Community is the best show on television. There’s little use arguing otherwise. In fact, I feel safe in going on the record that it will retain that title until some evil genius producer develops Snooki Presents: The Real Animal Hoarding Kardashian Housewives Of The Playboy Mansion and sells it to VH1. But back to Community…
The first season of the show was, by all accounts, staggeringly good, but Dan Harmon and company have put the creative pedal to the metal in this, the show’s second year. With every episode, the team challenges themselves to raise the conceptual bar and totally eviscerate the traditional notion of what a sit-com “should” be; the rate with which they succeed at surpassing these incredibly lofty goals is, frankly, unparalleled.
In addition to having an enormously talented writing staff, the show draws much of its strength from its ensemble cast. Rather than having to worry about placating one or two “stars” while everyone else orbits around aimlessly, the show is blessed with a cast that genuinely seems to be in sync with one another. Depending on the episode, the core cast — Jeff, Britta, Abed, Shirley, Troy and Annie — each takes their turn in the spotlight. However, if I were to point to one character whose game has been significantly stepped up since Season One in a way that changes the show’s entire landscape for the better, that character would have to be Señor Ben Chang.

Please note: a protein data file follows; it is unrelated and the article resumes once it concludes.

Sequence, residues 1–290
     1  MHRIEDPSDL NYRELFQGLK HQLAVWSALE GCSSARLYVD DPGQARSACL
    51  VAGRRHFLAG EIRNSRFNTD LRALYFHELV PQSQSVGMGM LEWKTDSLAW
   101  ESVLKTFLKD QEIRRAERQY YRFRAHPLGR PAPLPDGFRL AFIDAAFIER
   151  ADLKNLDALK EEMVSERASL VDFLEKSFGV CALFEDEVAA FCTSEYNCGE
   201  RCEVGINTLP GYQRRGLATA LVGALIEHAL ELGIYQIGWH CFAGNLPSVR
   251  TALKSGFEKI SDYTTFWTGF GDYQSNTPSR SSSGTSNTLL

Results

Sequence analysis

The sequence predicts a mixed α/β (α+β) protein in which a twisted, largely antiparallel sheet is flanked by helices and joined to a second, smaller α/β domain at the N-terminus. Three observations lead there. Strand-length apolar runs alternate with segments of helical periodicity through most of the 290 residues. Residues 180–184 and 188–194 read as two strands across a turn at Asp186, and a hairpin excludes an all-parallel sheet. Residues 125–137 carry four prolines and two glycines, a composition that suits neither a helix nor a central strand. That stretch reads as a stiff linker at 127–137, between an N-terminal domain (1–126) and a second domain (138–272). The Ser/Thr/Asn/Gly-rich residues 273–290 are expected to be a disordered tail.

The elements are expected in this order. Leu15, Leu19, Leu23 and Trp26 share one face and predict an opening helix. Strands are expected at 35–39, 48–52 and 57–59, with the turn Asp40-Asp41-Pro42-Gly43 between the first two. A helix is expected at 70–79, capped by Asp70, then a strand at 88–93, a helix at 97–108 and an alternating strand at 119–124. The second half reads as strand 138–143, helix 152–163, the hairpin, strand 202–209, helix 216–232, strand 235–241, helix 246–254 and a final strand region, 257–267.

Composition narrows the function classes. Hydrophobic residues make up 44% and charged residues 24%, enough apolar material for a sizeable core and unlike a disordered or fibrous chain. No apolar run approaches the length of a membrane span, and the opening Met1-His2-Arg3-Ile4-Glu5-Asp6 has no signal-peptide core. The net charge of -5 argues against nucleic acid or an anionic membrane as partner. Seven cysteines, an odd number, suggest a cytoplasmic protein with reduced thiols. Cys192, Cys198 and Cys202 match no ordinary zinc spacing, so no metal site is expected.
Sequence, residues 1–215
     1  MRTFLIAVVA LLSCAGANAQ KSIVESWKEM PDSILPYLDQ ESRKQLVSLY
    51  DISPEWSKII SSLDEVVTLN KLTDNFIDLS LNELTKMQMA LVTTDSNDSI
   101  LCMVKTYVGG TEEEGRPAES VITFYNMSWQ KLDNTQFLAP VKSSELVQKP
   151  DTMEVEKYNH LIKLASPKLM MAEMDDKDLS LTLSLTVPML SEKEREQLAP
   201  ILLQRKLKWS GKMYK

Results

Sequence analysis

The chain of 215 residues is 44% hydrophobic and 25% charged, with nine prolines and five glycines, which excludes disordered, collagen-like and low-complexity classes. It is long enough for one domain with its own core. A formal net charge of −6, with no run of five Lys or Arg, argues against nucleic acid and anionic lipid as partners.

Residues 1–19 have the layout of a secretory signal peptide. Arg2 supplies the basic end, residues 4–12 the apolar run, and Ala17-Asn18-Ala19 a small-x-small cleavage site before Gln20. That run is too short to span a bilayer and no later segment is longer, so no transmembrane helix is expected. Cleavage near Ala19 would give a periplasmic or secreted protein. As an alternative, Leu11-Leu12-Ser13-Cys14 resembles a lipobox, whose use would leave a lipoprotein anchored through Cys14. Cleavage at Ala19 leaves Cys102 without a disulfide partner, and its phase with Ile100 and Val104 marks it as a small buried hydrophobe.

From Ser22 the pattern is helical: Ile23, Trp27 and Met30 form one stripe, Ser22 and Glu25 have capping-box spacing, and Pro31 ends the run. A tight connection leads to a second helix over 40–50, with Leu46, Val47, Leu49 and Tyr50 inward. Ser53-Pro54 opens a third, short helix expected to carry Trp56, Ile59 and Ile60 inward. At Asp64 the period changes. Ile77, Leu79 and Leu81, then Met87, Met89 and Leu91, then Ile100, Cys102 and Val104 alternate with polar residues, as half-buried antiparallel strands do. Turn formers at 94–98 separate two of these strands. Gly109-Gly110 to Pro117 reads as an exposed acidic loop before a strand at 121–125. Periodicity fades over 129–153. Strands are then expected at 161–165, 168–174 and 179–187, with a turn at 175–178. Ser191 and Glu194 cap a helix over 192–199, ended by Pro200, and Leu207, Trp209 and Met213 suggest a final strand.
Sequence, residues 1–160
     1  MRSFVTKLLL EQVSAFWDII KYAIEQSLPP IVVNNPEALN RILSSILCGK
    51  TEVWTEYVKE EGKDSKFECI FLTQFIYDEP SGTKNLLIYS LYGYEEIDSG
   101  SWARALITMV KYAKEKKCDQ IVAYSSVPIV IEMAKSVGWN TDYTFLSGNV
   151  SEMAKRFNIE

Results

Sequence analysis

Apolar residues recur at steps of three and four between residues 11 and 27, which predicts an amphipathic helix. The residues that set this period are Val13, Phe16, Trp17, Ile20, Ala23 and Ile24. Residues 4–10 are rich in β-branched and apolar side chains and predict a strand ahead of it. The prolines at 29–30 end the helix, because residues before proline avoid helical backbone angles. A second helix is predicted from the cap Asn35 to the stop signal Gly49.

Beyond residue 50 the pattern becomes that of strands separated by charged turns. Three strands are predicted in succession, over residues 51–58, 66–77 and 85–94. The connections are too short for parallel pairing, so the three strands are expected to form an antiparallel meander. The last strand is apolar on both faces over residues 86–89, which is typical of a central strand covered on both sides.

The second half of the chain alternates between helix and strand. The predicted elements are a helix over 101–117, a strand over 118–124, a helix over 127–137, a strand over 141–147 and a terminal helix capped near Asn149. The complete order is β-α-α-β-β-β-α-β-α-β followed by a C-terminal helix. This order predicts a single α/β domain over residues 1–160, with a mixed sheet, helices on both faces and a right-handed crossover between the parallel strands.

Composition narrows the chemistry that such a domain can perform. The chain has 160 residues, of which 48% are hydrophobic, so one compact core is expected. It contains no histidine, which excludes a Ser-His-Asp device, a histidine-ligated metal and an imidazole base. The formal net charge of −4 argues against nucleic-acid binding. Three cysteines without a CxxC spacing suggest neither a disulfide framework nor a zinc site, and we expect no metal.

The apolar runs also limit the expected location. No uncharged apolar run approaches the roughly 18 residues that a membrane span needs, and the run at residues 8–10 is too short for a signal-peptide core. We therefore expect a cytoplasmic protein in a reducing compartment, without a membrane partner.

One of the great developments of the show’s second season has been the removal of the barrier that precluded Señor Chang from interacting with his Spanish 101 students socially, on their own plane. By revealing in the first season finale that Chang actually doesn’t have any teaching credentials and also needs schooling at Greendale, the show turned Chang from an adversarial authority figure into an emotionally fragile peer who will stop at nothing from winning the gang’s approval.
Early on in the season, we saw his anger issues manifest themselves when Chang hilariously and spookily morphed into Greendale’s Gollum, setting up the arc of his character for the entire season. Depending on the situation, he’s either been cracking one-liners (“Gaaay-ayyyy!”), saving the day (his turn as “Drugs” in the “Celebrity Pharmacology” episode was PRICELESS; “I’m gonna deep fry yo’ dog and eat yo momma’s face, and after that wear your little brother’s skin LIKE PAJAMAS!”), or struggling to ingratiate himself with the cool kid posse led by Jeff and Britta (see the clip below from last night’s “Advanced Dungeons & Dragons” episode in which he excitedly dressed up in LITERAL blackface for a round of D&D).
While the Outsider Who Wants To Be An Insider is a common television trope (see also: Tom in Cougar Town, Lutz on 30 Rock), there’s something about Ken Jeong’s performance that elevates his character above the level of cliché and keeps things unpredictable. Specifically, I think it’s attributable to the fiendish sense of desperation that Jeong laces all of his characters with; that particular Acting choice really informs the character of Señor Chang, a person whose desire to be ADORED by his peers is, sadly, outweighed by his inability to appear like he’s trying too hard. Sure, Chang is a jackass, that much we can agree on. However, the question remains: Is he a lovable jackass or an insufferable (and possibly evil) one?
Thankfully, Community and Jeong refuse to commit one way or the other, which is just another of the myriad reasons why this show remains the best on television.
PS: Magic user baby WHAAAAAAT?